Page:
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The Parkes pulsar data archive currently provides access to 144044 data files obtained from observations carried out at the Parkes observatory since the year 1991. Around 105 files are from surveys of the sky, the remainder are observations of 775 individual pulsars and their corresponding calibration signals. Survey observations are included from the Parkes 70 cm and the Swinburne Intermediate Latitude surveys. Individual pulsar observations are included from young pulsar timing projects, the Parkes Pulsar Timing Array and from the PULSE@Parkes outreach program. The data files and access methods are compatible with Virtual Observatory protocols. This paper describes the data currently stored in the archive and presents ways in which these data can be searched and downloaded.
The integration of multidisciplinary data is key to supporting decisions during the development of aerospace products. Multidimensional metamodels can be automatically constructed using limited experimental or numerical data, including data from heterogeneous sources. Recent progress in multidimensional response surface technology, for example, provides the ability to interpolate between sparse data points in a multidimensional parameter space. These analytical representations act as surrogates that are based on and complement higher fidelity models and/or experiments, and can include technical data from multiple fidelity levels and multiple disciplines. Most importantly, these representations can be constructed on-the-fly and are cumulatively enriched as more data become available. The purpose of the present paper is to highlight applications of these cumulative global metamodels (CGM), their ease of construction, and the role they can play in aerospace integration. A simple metamodel implementation based on a radial basis function network is presented. This model generalises multidimensional data while simultaneously furnishing an estimate of the uncertainty on the prediction. Four examples are discussed. The first two illustrate the efficiency of surrogate-based design/optimisation. The third applies CGM concepts to a data fusion application. The last example is used to visualise extrapolation uncertainty, based on computational fluid dynamics data.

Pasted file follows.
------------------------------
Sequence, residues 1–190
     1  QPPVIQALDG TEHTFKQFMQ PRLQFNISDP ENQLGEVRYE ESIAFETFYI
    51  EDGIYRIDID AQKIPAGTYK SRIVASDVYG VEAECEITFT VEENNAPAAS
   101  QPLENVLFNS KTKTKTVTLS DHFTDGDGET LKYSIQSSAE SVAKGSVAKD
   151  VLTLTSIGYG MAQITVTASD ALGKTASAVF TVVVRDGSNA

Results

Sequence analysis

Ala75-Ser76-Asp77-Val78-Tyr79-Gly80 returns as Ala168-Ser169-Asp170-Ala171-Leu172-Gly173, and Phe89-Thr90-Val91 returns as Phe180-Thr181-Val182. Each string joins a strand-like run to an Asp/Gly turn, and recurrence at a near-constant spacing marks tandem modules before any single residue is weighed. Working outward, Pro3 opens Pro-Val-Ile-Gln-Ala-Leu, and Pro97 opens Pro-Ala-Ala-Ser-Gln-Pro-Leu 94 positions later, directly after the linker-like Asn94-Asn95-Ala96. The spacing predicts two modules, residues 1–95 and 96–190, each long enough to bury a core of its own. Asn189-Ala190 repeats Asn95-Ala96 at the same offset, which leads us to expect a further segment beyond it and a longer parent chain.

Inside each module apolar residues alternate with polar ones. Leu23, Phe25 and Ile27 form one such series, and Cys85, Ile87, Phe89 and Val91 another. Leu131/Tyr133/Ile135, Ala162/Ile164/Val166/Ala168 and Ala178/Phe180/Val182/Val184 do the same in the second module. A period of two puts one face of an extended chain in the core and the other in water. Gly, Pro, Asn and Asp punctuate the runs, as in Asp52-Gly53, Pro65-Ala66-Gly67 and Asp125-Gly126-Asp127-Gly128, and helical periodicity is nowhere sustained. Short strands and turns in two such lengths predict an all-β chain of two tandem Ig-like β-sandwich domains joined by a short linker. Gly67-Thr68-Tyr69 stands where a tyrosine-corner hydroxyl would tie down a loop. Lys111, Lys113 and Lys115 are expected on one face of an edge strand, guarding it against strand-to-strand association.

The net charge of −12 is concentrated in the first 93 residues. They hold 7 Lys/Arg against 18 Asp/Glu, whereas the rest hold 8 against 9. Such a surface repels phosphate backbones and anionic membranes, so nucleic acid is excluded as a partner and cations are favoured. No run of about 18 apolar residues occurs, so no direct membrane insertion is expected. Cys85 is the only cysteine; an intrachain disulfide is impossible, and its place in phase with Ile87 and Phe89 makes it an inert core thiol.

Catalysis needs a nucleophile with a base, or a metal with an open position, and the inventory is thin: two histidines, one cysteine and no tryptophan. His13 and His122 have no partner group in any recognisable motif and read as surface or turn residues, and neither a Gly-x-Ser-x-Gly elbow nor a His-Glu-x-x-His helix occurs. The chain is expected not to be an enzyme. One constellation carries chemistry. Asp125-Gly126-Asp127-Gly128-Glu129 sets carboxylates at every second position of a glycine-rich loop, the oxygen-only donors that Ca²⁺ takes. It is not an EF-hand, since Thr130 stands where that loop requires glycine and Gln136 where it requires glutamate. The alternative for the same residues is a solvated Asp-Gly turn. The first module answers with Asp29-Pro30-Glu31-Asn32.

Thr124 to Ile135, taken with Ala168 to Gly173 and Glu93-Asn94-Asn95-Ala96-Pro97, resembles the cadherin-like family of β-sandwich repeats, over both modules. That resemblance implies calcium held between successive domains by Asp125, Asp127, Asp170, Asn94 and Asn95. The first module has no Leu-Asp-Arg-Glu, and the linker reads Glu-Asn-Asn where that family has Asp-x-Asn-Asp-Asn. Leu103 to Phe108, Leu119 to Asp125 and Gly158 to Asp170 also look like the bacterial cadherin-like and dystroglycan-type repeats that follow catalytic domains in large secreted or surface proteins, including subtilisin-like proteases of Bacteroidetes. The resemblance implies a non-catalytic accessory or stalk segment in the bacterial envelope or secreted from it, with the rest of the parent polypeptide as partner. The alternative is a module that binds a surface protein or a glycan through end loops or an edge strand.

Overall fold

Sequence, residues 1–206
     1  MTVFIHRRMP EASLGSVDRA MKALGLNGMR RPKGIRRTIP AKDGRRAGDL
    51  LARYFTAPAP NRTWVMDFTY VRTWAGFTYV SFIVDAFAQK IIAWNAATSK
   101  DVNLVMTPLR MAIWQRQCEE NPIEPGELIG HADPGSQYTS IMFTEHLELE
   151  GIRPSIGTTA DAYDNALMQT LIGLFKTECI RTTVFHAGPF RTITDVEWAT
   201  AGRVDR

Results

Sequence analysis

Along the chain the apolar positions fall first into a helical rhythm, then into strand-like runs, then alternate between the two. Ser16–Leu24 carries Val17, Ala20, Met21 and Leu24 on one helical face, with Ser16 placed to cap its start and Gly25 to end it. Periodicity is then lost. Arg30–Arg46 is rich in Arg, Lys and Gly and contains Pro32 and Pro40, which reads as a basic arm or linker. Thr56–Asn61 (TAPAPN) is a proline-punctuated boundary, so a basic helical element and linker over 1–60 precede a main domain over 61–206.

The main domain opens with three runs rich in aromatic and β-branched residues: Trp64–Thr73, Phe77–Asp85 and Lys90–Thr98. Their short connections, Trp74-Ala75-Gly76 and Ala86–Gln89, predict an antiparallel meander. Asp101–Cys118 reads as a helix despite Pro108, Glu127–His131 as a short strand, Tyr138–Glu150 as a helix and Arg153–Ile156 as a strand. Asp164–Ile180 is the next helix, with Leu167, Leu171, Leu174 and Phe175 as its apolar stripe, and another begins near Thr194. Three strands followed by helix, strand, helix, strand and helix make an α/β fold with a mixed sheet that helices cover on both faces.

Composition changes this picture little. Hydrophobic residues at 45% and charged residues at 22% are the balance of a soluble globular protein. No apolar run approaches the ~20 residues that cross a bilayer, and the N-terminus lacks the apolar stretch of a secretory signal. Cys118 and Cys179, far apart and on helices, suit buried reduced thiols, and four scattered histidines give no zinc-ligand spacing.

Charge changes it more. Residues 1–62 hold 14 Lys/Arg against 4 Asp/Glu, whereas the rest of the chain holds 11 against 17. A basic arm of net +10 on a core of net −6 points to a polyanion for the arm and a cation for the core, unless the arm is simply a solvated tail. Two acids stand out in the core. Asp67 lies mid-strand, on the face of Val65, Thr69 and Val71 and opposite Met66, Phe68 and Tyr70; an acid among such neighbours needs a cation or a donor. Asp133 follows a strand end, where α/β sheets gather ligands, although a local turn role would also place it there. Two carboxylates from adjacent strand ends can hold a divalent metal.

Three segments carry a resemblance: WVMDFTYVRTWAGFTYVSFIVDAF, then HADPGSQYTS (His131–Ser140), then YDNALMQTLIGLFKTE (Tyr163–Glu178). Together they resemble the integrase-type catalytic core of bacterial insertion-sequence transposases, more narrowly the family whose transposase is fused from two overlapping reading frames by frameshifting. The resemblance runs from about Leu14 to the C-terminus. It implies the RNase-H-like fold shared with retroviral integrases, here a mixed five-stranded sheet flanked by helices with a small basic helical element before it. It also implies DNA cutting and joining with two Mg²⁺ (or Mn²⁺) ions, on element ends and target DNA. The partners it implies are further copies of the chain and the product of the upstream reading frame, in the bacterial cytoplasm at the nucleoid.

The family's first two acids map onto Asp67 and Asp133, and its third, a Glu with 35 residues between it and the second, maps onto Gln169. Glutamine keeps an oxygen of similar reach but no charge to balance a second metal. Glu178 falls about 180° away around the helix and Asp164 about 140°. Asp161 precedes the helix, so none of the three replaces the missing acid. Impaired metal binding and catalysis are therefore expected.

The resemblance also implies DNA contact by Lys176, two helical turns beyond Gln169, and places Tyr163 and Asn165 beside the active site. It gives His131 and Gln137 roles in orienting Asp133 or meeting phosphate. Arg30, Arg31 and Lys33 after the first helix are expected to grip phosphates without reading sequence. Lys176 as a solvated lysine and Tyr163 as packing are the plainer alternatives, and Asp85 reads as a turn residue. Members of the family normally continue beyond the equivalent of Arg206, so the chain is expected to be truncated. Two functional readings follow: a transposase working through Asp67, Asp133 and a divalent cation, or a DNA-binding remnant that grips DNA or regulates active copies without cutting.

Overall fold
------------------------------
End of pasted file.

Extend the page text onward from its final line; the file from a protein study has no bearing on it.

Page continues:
Atkinson, Young and Brezovich [1: 1983] gave a formula for the potential distribution due to a circular disc condenser with arbitrary spacing parameter к (the ratio of separation of the discs to their radius). This was simpler to calculate than the formulation which I gave in [8: 1949]; but unfortunately it fails to satisfy two requirements, as the present paper shows. Together with , this paper shows that the potential formulated in  satisfies all requirements.
In , Fabrikant and his colleagues obtain a closed form solution to a generalized potential problem for a surface of revolution. This they specialize to solve three electrostatic problems for a spherical cap, including one for which the boundary conditions are not axisymmetric. In all three the solutions are expressed in terms of elementary functions.